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2.11 German History

History until 1945
A reading passageGermany was originally occupied by Teutonic tribes who were driven back across the Rhine by Julius Caesar in 58 BC. When the Roman empire collapsed eight Germanic kingdoms were created, but in the 8th century Charlemagne consolidated these kingdoms under the Franks. The region became part of the Holy Roman Empire in 962, and almost 200 years later was invaded by the Mongols. A period of unrest followed until 1438 when the long rule of the Habsburgs began.

The kingdom, now made up of hundreds of states, was torn apart during the Thirty Years War; when this ended with the Peace of Westphalia in 1648, the Elector of Brandenburg-Prussia emerged as a force ready to challenge Austrian supremacy. By the end of the Napoleonic Wars, the alliance of 400 separate German states that had existed within the Holy Roman Empire (962-1806) had been reduced to thirty-eight. At the Congress of Vienna these were formed into a loose grouping, the German Confederation, under Austrian leadership.

The Confederation was dissolved as a result of the Austro-Prussian War (1866), and in 1867 all northern Germany formed a new North German Confederation under Prussian leadership. This was in turn dissolved in 1871, and the new German Second empire proclaimed.

After Germany's defeat in World War I, the Weimar Republic was instituted, to be replaced in 1933 by the Third Reich under Adolf Hitler.

History: 1945 to 1990
Willy Brandt in WarsawIn 1945 the victorious Allies divided defeated Germany into four zones of occupation: American, British, French and Soviet. The original intention was to denazify and unite Germany. But with the advent of the Cold War, ideological differences between the Allied powers became apparent, and two German states were formed in 1949: the western Federal Republic of Germany (FRG) and the eastern German Democratic Republic (GDR). The FRG embedded itself in key Western economic and security organizations, the EC and NATO, while the communist GDR was on the front line of the Soviet-led Warsaw Pact.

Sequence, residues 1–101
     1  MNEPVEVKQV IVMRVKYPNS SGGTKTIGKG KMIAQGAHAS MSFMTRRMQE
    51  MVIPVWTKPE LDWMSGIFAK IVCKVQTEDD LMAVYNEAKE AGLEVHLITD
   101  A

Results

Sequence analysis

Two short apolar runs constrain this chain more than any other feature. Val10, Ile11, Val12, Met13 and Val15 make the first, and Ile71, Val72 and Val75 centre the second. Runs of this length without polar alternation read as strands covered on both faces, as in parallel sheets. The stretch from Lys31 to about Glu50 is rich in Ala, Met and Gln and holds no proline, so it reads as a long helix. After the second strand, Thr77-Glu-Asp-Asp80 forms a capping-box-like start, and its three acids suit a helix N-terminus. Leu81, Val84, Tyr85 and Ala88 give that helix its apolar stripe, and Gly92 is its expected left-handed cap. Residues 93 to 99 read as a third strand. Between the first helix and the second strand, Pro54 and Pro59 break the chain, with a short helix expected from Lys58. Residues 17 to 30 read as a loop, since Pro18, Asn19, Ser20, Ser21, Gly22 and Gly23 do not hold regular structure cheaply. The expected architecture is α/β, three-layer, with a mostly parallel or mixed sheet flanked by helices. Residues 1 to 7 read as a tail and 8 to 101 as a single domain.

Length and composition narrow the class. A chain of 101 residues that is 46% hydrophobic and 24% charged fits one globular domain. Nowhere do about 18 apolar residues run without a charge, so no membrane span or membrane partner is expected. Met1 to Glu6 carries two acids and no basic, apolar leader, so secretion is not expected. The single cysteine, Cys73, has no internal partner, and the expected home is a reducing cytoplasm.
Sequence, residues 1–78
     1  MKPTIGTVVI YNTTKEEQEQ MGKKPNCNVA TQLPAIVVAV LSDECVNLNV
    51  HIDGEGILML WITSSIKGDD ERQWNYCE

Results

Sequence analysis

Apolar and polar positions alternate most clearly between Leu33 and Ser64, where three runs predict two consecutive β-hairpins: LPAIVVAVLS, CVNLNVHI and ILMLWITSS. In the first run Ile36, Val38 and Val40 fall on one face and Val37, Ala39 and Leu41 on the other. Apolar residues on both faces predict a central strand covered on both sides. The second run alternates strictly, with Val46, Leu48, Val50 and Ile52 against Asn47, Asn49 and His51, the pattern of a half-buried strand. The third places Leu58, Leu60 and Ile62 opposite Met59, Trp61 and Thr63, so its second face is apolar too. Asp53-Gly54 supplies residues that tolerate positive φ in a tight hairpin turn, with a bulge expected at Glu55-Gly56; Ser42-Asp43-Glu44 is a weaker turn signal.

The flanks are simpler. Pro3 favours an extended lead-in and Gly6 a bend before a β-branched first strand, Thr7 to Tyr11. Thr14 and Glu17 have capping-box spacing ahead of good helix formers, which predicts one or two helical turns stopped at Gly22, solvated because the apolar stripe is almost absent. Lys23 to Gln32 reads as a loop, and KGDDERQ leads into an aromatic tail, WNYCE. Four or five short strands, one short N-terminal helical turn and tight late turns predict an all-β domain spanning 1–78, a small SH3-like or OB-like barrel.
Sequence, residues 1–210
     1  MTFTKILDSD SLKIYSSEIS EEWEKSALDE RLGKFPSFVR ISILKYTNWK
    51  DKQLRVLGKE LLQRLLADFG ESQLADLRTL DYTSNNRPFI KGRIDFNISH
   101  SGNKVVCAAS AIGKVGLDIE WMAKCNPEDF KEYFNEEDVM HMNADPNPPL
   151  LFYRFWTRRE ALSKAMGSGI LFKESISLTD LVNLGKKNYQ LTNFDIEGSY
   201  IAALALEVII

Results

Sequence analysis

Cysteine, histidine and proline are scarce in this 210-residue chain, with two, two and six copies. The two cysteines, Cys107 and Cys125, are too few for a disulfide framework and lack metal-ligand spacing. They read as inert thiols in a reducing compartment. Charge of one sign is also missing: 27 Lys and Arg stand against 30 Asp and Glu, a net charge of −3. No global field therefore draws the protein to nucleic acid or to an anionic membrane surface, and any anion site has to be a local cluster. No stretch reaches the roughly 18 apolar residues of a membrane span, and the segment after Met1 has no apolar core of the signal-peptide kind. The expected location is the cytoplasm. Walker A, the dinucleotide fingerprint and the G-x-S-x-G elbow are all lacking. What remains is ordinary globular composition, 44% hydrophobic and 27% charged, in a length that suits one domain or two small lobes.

In 1953 East German workers revolted against the communist government, demanding higher salaries, more work and democratic elections. Faced by a steady flow of workers moving from East to West, the GDR government constructed the "antifascist protective wall" which divided Berlin into two. This Wall was 165 kilometres in length and between three and four metres in height.

In the West, Konrad Adenauer, as Chancellor (1949-63), was determined to see eventual reunification of Germany and refused to recognize the legal existence of the German Democratic Republic. A crisis developed over Berlin in 1958, when the Soviet Union demanded the withdrawal of Western troops and, in 1961, when it authorized the erection of the Berlin Wall. The Berlin situation began to ease in 1971, during the chancellorship of the social democrat Willy Brandt (1969-74) with his policy of Ostpolitik. This resulted in treaties with the Soviet Union (1970), Poland (1970), Czechoslovakia (1973), and one of mutual recognition and co-operation with the German Democratic Republic (1972), with membership of the UN following in 1973.

Economic recovery was assisted after the war by the Marshall Plan. The challenge of rebuilding shattered cities and of absorbing many millions of refugees from eastern Europe was successfully met, as was that of re-creating systems of social welfare and health provision. The Federal Republic joined NATO in 1955, when both army and airforce were reconstituted; large numbers of US and British troops remained stationed there. In 1957 it signed the Treaty of Rome, becoming a founder-member of the European Economic Community in 1958. Although the pace of economic growth slackened, the economy remained one of the strongest in the world, under a stable democratic regime.